Where are you from? What did you do before coming to Dalhousie?
I am from a small town called Rudyard in Michigan, U.S.A. – near the Canadian border and Sault Ste. Marie, ON. Before joining Dal, I was an assistant professor at the University of Nevada, Reno, for four years.
What drew you to the Rowe School and Dalhousie?
I was really drawn to the research reputation of the university as well as its focus on healthy workplaces (something that was profiled as I was doing my research on the school while applying). My partner and I had been talking about moving to Canada for some time, and Halifax and Nova Scotia’s nature and recreation opportunities were a definite draw as well.
What’s something about your field that you’re excited to share with students?
I teach Organizational Behaviour across programs in Rowe, and the mix of theoretical rigour and applied relevance is an important feature in my courses. I emphasize the value of an evidence-based approach to organizational behaviour (i.e., how can we use research and data to guide management practices) with personal reflections to demonstrate how topics such as personality, social identity, diversity, motivation and so on show up in students’ lives.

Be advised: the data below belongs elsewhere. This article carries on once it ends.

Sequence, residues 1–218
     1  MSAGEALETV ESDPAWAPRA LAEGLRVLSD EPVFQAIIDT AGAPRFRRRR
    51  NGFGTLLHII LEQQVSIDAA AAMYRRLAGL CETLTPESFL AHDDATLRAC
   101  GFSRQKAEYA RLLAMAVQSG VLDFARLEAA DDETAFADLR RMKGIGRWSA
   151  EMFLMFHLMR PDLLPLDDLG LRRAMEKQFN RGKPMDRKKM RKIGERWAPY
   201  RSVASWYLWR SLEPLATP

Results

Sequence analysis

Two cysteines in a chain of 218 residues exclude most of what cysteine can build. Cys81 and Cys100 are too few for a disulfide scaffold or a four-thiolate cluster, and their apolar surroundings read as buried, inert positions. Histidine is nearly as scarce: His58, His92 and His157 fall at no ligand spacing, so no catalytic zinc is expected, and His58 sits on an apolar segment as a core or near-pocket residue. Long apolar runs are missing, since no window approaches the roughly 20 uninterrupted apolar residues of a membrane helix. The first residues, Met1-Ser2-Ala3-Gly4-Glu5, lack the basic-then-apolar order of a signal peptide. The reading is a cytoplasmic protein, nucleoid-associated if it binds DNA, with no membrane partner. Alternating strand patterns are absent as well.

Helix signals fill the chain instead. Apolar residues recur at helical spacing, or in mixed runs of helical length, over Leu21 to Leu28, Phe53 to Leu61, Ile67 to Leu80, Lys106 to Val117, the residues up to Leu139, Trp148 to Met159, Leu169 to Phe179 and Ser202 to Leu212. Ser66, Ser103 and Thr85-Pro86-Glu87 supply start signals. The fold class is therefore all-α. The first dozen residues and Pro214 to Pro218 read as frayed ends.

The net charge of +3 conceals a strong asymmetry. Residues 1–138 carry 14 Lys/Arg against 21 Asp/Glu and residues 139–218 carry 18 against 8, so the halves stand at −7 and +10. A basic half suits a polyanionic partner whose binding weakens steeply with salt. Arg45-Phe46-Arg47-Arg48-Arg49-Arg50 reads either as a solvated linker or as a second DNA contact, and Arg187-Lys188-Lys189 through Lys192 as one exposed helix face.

What are your research and teaching interests?
I study interpersonal processes at work – largely focused on understanding how social interactions influence the performance, well-being and inclusion of diverse and marginalized employees. These interactions may be positive (helping behaviour, supervisor support, organizational support) or negative (incivility, sexual harassment, ostracism). My goal is to help individuals and organizations minimize the ways that bias seeps into their everyday interactions, while providing supportive environments that foster feelings of belongingness and inclusion. I’m lucky to be able to teach about these very topics in my courses on Organizational Behaviour – and make a point to bring my research findings to the classroom.
Tell us about something you’re proud of accomplishing.
I recently published a piece in Harvard Business Review. I routinely assign HBR articles to my students and the journal is read by executives, leaders and workers around the globe. I was thrilled to be able to contribute my research findings and insights around topics of incivility, inclusion and remote work.
What’s something your colleagues might be surprised to learn about you?
I was raised on a bison ranch and spent most of my summers cutting hay. I still try to get back to the hayfields for at least a bit every summer.